Supermarket giant Sainsbury’s has pledged to pay its 137,000 store staff more than the Chancellor’s compulsory national living wage.
- Sainsbury’s to pay more than George Osborne’s national living wage
- Grocer’s 4% pay rise for store staff is the highest it has awarded in a decade
- Boss Mike Coupe says he is “committed to rewarding great service”
The grocer will give its colleagues an “industry-leading” 4% pay rise – the highest increase it has awarded to store staff for more than a decade – taking its standard rate of pay from £7.08 to £7.36 per hour.
The new hourly wage is 16p more than George Osborne’s living wage of £7.20, which comes into force next April.
Sainsbury’s said the new rates of pay will be introduced from Sunday and will apply to staff of all ages, including more than 40,000 staff under the age of 25. The Chancellor’s new national living wage only applies to workers over 25.
The retailer said it will also continue to provide its staff with paid breaks taken during their shifts.
The move came a month after Swedish furniture specialist Ikea became the first large retailer in the UK to pay its staff the rate the Living Wage Foundation has been campaigning for of £7.85 per hour and £9.15 per hour to those working in London.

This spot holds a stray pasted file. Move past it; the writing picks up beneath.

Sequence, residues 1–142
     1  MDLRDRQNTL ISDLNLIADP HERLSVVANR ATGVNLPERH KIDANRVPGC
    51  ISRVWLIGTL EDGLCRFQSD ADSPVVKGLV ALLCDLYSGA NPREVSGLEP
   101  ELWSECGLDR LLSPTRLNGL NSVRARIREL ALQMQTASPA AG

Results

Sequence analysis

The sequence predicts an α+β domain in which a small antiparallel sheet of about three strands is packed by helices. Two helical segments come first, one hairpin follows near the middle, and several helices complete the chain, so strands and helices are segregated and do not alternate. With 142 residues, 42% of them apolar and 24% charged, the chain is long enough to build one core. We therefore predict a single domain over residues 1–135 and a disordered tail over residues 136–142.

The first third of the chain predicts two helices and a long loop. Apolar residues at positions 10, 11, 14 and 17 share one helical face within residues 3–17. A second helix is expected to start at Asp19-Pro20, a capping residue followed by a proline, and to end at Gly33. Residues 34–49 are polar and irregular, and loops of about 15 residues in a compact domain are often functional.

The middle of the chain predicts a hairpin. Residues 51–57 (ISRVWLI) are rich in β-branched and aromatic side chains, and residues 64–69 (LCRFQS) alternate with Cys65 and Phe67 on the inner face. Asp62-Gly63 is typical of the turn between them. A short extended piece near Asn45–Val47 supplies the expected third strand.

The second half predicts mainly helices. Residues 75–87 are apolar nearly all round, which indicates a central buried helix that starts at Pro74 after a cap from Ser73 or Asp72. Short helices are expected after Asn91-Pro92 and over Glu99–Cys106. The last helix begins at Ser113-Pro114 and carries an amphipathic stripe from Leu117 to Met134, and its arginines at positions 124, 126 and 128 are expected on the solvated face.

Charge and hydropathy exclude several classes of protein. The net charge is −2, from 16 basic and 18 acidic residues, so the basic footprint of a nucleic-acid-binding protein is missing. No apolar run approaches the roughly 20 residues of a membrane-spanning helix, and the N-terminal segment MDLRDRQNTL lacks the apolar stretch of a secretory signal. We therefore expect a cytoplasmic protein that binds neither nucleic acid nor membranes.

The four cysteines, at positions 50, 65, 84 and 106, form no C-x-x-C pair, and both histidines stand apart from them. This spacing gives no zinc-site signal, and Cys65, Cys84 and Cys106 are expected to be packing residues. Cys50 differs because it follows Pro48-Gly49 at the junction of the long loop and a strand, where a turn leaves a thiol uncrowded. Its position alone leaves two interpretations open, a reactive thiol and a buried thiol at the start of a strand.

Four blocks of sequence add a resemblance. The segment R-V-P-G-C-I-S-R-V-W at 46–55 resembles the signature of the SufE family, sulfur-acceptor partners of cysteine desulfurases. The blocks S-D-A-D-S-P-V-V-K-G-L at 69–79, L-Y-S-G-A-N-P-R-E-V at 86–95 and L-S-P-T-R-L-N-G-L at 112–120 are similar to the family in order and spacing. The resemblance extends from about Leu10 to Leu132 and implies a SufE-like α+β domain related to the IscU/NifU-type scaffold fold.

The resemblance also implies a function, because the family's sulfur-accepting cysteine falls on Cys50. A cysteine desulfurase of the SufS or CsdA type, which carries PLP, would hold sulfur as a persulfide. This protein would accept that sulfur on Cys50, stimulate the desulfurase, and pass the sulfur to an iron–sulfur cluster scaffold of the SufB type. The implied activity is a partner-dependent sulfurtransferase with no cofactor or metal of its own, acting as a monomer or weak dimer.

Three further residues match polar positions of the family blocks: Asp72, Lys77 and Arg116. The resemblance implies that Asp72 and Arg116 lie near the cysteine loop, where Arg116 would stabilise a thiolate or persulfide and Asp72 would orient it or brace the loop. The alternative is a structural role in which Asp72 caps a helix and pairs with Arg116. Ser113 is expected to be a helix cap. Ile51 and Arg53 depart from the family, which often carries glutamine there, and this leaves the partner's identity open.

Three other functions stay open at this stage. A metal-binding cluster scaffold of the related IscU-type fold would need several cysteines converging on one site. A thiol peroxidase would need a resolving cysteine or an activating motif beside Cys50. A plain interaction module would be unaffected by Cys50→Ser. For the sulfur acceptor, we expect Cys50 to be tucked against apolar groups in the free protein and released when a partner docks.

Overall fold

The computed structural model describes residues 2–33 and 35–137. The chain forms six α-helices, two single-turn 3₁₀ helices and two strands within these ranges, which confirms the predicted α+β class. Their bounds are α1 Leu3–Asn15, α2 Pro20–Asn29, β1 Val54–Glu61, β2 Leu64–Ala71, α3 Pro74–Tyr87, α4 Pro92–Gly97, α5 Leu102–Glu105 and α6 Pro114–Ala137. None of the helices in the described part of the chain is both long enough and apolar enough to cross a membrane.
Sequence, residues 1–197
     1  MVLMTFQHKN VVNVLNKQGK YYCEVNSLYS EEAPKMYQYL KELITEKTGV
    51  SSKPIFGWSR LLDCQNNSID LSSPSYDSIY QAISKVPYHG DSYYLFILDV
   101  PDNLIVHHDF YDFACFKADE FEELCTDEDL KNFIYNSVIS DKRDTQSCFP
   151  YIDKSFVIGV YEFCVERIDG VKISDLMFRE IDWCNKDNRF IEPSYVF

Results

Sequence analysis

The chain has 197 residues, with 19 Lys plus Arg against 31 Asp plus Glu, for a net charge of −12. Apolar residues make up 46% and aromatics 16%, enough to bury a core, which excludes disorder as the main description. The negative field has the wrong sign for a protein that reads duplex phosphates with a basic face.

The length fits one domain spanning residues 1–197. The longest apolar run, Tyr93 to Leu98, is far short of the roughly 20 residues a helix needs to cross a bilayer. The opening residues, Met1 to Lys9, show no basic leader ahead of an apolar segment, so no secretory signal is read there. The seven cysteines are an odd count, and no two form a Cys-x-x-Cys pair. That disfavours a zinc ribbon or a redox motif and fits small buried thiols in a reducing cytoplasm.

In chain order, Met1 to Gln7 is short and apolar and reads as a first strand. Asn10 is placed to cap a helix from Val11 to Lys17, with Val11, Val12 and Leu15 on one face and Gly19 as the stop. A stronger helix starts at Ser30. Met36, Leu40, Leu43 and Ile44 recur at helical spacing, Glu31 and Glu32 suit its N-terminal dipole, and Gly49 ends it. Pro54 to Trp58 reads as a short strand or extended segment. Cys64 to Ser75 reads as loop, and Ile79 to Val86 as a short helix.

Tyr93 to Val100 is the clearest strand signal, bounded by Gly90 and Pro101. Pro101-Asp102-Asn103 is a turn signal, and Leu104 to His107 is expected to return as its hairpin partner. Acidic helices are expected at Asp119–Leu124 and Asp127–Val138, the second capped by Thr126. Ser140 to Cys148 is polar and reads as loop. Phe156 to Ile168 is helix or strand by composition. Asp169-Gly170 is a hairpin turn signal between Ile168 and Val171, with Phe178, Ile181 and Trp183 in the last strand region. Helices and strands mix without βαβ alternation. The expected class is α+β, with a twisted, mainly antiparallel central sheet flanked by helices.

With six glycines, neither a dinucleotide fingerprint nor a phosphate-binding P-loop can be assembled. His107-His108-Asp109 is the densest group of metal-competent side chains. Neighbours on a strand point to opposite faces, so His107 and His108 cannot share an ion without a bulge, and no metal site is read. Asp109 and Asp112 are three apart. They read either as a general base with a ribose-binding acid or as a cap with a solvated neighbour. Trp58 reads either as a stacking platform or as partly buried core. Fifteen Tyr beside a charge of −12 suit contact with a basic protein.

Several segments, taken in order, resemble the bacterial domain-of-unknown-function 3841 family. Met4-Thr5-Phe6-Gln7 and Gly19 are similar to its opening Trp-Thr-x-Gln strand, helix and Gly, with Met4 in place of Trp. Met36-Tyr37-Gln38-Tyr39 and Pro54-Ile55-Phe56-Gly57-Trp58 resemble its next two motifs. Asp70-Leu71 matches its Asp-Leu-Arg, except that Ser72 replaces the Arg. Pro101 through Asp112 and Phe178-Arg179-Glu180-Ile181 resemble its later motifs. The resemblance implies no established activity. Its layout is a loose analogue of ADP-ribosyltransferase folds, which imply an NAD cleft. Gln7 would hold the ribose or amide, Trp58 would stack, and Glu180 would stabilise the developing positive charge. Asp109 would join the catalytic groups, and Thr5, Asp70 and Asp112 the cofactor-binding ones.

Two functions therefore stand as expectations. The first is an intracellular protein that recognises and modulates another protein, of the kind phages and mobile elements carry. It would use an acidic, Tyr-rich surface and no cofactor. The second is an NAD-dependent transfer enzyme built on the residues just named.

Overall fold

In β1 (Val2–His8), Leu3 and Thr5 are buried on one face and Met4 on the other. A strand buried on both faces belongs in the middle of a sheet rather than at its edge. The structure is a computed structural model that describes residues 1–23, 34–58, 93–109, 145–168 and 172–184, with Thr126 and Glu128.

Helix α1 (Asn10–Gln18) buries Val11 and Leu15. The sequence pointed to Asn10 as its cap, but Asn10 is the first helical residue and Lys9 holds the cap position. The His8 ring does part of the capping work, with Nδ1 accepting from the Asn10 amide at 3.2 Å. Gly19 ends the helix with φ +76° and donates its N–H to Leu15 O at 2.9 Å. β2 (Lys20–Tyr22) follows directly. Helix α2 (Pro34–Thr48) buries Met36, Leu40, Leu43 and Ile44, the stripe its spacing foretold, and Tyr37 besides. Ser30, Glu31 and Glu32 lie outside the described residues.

Earlier this month credit rating agency Moody’s suggested that the grocers could shutter stores and hire fewer over-25s when the national living wage becomes law in eight months’ time.
But Sainsbury’s boss Mike Coupe said the pay rise was a reward for employees’ “hard work, talent and dedication.”
Coupe added: “We’re delighted to announce a 4% pay increase for the colleagues who work in our stores across the country.
“We know what a difference they make to our customers each and every day and we’re totally committed to rewarding them well for the great service they provide.
“I’ve talked to thousands of colleagues over the past year and they tell me how much they value their package of benefits and the flexibility that we can offer as an employer, as well as hourly pay, which has always been well over the minimum wage.
“Their hard work, talent and dedication have been central to our success and will remain so in the future.”
Under plans announced in the Budget, workers aged over 25 will be paid a minimum of £7.20 an hour from next April, compared to the current minimum wage of £6.50. That will rise to £9 an hour by 2020.
Tesco already pays its shopfloor staff £7.39 an hour, while Morrisons pays a minimum of £6.83.
Asda currently pays store staff £6.89 per hour outside London. That will increase to £7.00 in October as part of its annual pay review.